Coming into this offseason, the Padres' largest free agent signing ever (in total) was that of Joaquin Benoit on a two-year, $15.5 million, signed in December 2013.
Times have changed in San Diego, and at 6:30 pm eastern, the signing of James Shields to a four-year, $75 million deal became official. Shields' signing almost surely wraps up what appears to be the Padres' greatest offseason ever, after they acquired a brand-new outfield in Justin Upton, Matt Kemp, and Wil Myers from the Braves, Dodgers, and Rays, respectively, while also adding a catcher and a third baseman in Derek Norris and Will Middlebrooks.
I have heard and seen people, Padres fans and non-Padres fans, call the team "World Series contenders." Hold on a second there. Let's take a step back, shall we? I'm not sure the Padres are even division contenders, playoff contenders, or even 90 win contenders in 2015. FanGraphs projects the team to finish 80-82. While that may be a bit on the conservative side, I would not be surprised if they finished between 80 and 89 wins in the new campaign.
A lot of questions remain in San Diego, even after adding Shields, Upton, Kemp, Myers, Norris, and Middlebrooks. First is outfield defense. The Padres are planning on playing Upton in left, Myers in center, and Kemp in right. That outfield as a whole might just be the worst defensive outfield in baseball. The three outfielders are projected to post a combined -18.9 Fielding Rating (Fielding and Positional Adjustment Above Average) in 2015. That would have put them in the bottom 10 in baseball last year.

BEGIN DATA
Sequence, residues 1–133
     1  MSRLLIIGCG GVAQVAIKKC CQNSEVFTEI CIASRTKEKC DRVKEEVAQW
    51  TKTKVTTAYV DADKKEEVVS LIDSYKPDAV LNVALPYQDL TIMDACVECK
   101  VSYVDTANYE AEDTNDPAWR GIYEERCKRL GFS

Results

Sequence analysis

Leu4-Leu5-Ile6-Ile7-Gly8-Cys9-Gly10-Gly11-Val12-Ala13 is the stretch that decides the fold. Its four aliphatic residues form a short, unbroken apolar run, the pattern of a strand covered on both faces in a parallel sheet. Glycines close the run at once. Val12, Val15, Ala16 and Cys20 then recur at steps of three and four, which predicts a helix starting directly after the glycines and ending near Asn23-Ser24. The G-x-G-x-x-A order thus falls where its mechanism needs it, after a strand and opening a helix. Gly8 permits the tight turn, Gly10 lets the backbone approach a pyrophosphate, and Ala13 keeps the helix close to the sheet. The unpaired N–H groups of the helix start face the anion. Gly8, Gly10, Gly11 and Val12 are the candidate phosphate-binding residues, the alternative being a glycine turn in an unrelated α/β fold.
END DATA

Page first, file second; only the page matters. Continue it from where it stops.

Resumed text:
I'm also not convinced that Myers will hit. After posting a 131 OPS+ in 373 plate appearances in 2013 while winning the Rookie of the Year award, Myers has been almost exactly as far below average as a hitter in 2014 as he was above average in 2013. He posted a 77 OPS+ in 361 plate appearances last year. Myers' on-base percentage dropped 60 points from 2013 to 2014, while his average dropped over 70 and his slugging percentage dropped almost 160.
Myers' production, or lack thereof, could be attributed to a wrist fracture suffered in May. However, even when he came back in August, he was worse. From August 20 through the end of the season, Myers hit .213/.263/.268/.530 in 137 plate appearances. That's why I'm not convinced he is a big league hitter. It will take a full, healthy season to really see which Wil Myers he is, the emerging star or prospect bust.
I'm also worried about the chemistry of this team. The best baseball clubs are the ones that came through the minors together, that worked together, and that would do anything for each other. The 2013 World Series Champion Red Sox had great players in the clubhouse, ones that would worry about benefitting the team ahead of themselves. The 2008 World Series Champion Phillies, behind a core of Jimmy Rollins, Chase Utley, Ryan Howard, Shane Victorino, and Cole Hamels, had great chemistry.
The Padres are a team full of players from different teams. In their starting lineup, only three players, Alexi Amarista, Jedd Gyorko, and Yonder Alonso, were with the team last year. What type of chemistry will this bunch form? It's hard to know, but history tells us that they won't mesh. The 2012 Miami Marlins and 2013 Toronto Blue Jays, both considered to be the "winner" of their respective offseason, went a combined 143-181 (.441) in those two years. If the Padres post a .441 winning percentage this season, they would go 71-91, a complete failure.
While it's nice to have James Shields, Justin Upton, Matt Kemp, Wil Myers, Derek Norris, and Will Middlebrooks join a team in an offseason, does it really mean contention? And for the Padres, I'm not so sure. They will have their chance to prove it to me in the coming months.